7 Ways to Secure a Winning Offer on Your Dream Home
In many of our local markets, we have been experiencing what is known as a “Seller’s Market”, where the number of homes available is significantly lower than the number of buyers looking for a new home. The combination of low inventory, reasonable interest rates, and an improving economy create a “multiple offer situation”, also known as a “bidding war”. For buyers, this environment can quickly become an overwhelming experience, especially if they see home after home being sold to another buyer.
Successfully buying a home is stressful enough, and when you’re competing against multiple offers and countless buyers, it can feel (almost) impossible. But, armed with the best strategies, you can win the home of your dreams!
In this article, we will discuss how you can increase the odds of winning a bidding war and successfully close on your dream home.
1) Choose the “right” agent.
In today’s market conditions, the right real estate agent will bring their experience with multiple-offer situations to the table. Once you have found an agent whose advice and judgment you trust, they will be your guide and clearly explain things so you feel informed every step of the way. Find a local expert who will provide you with the most accurate market data before submitting an offer.
2) Know the market.
With so many tools available for buyers today; it is easy to access information about the market, find comparable homes, and recent home sales. Ask yourself AND YOUR AGENT the following questions: Are similar homes selling at their list price or higher? How much more? How quickly are they selling? If most similar homes are selling at 10% higher than list price, that information can help you predict the final sale price, and increase the likelihood of making the winning bid.
3) Let your financial status speak for you.
Getting pre-approved for a mortgage loan is an important step for any homebuyer, but it is critical if you are looking in an area where a bidding war is expected. When you submit your offer and it is stacked against others, sellers tend to bring the pre-approved buyers to the top of the pile. And why not? Would you take a chance on a buyer who isn’t CERTAIN they can obtain a loan?!? Speak with your agent about finding a reputable local lender who is known and trusted. And be prepared to submit the required documents for pre-approval.
4) Offer List Price (Or More).
If you have done your research, spoken to your agent, and local loan officer; arriving at a strong initial offer price will be easier. Remember, in a competitive seller’s market, the strongest initial offer should bump you up the seller’s short list. Your research and preparation will allow you to focus on a fair market value AND stay within your budget.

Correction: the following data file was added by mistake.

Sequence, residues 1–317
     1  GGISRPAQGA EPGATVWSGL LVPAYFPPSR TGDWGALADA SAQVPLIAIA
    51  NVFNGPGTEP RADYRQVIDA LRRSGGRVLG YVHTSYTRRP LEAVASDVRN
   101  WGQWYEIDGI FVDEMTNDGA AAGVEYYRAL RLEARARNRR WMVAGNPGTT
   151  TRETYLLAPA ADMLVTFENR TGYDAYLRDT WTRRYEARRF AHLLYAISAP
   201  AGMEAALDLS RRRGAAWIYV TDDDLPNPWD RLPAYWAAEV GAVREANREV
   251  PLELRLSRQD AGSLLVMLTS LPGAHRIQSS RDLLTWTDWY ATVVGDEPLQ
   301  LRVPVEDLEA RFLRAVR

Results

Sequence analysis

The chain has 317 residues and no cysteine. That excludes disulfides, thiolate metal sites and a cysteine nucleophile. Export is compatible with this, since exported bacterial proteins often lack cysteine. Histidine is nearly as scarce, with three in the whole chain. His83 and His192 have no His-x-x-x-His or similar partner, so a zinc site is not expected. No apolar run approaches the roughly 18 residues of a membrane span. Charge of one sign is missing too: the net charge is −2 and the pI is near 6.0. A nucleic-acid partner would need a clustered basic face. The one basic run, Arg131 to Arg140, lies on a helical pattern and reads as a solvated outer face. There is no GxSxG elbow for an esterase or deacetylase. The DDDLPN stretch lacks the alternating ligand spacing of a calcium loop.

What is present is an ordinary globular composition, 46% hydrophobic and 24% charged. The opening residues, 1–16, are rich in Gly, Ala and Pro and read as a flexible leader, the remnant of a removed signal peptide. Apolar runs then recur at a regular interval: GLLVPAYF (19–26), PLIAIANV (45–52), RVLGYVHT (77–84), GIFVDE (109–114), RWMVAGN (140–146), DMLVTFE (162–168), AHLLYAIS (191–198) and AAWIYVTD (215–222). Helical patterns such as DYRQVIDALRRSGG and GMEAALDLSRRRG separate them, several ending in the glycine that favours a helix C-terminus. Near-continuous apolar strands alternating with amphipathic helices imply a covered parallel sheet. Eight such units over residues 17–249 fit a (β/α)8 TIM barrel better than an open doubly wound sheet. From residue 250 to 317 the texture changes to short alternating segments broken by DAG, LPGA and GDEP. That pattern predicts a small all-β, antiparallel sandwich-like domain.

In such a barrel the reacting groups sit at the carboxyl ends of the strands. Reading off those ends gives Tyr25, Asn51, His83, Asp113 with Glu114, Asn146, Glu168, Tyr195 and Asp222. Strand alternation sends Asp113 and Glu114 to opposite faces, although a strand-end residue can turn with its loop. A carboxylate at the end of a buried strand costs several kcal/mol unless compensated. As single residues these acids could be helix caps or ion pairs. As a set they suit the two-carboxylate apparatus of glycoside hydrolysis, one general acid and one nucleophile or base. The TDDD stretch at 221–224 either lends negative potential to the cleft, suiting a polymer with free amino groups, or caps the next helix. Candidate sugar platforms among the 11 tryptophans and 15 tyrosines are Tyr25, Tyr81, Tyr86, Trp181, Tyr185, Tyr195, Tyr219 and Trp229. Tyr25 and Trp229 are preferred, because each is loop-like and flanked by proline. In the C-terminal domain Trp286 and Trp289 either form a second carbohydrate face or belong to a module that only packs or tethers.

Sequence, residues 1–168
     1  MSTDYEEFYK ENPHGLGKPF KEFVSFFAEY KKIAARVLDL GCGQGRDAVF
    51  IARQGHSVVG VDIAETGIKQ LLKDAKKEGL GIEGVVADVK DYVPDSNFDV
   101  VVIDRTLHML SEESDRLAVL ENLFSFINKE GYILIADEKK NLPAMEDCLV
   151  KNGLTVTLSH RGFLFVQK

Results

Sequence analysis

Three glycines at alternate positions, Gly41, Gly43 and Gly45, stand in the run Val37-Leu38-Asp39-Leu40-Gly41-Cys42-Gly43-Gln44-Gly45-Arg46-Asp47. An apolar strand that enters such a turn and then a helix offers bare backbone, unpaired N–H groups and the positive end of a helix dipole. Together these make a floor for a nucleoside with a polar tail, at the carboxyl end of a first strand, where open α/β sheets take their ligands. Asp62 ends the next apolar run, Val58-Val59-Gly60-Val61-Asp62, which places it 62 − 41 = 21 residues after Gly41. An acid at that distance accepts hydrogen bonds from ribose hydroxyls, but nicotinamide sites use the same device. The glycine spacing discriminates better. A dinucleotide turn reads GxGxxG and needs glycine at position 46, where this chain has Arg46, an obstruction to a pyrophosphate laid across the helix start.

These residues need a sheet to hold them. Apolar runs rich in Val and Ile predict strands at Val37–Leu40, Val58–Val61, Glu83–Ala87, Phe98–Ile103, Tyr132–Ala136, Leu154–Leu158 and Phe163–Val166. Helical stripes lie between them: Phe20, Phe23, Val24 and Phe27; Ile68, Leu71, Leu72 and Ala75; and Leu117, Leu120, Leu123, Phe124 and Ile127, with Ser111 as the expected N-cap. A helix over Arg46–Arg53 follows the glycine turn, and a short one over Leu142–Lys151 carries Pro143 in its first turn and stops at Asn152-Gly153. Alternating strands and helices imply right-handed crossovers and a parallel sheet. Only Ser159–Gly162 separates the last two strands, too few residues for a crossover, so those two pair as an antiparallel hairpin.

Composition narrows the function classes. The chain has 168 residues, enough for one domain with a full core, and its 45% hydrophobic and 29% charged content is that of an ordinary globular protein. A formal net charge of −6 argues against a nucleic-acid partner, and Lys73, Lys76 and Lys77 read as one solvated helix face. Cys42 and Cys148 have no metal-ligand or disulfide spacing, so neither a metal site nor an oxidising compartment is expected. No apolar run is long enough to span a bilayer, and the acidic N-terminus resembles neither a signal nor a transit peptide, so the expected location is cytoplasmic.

5) Give the seller flexibility.
This can be done in several ways and your agent will help you find the best way to protect your interests and still allow the seller some flexibility. Communicate to the seller that although you picked a closing date, you are flexible on it. Some sellers may need 60 days to close, or they may want to close as soon as possible. The key is to make it known that either way, you are willing to work with the seller on their timeline. Part of being flexible may include removing certain contingencies that could delay the closing process. These include, home inspections, seller concessions (seller assist), and any additional inspections or deadlines.
While it’s not recommended, waiving a home inspection can significantly increase your chance of winning a bidding war. If you are not comfortable waiving a home inspection, tightening the deadlines for the inspections can also work. Telling a seller that you will have an inspection done in 3 days, instead of the “usual” 10-14 days means the seller will have their home off the market for significantly less time, in case your offer falls through.
6) Explore different types of financing, or loan options.
While working with your loan officer, talk to them about the differences between FHA/VA and Conventional Loans, Down Payment amounts, and earnest money (hand money) deposits. In many areas, a Conventional Loan is more appealing to seller since the appraisal process tends to be less restrictive, i.e. more required repairs = higher cost and a longer time to the closing table.
7) Connect with the seller through a personal letter.
When it comes to buying, and selling a home, it is a VERY emotional process for everyone involved. At the end of the day, we are human. That seller probably felt the same emotions you feel when they first purchased the home. Taking the time to write a personal letter about you, your family, and what you love about the home could spell the difference between your offer and the others. Create a mental image of the love, laughter, and joy a home brings, and how you are the perfect choice to carry on those feelings after the seller hands you the keys at closing. Ask your agent to review the letter before you send, so you do not (accidentally) say the wrong thing.
*Keep the Peace
Most of us look at a real estate transaction as a “seller side” and “buyer side”, but always remember that both sides are working towards the same goal. Stay flexible, remain level-headed, and work to meet at the point which is best for both parties. This is especially important if you find yourself in a multiple-offer situation. An additional resource is provided by the National Association of Realtors® called “A Buyers’ and Sellers’ Guide to Multiple Offer Negotiations”, ask your agent for the brochure or you can find it here: A Buyers’ and Sellers’ Guide to Multiple Offer Negotiations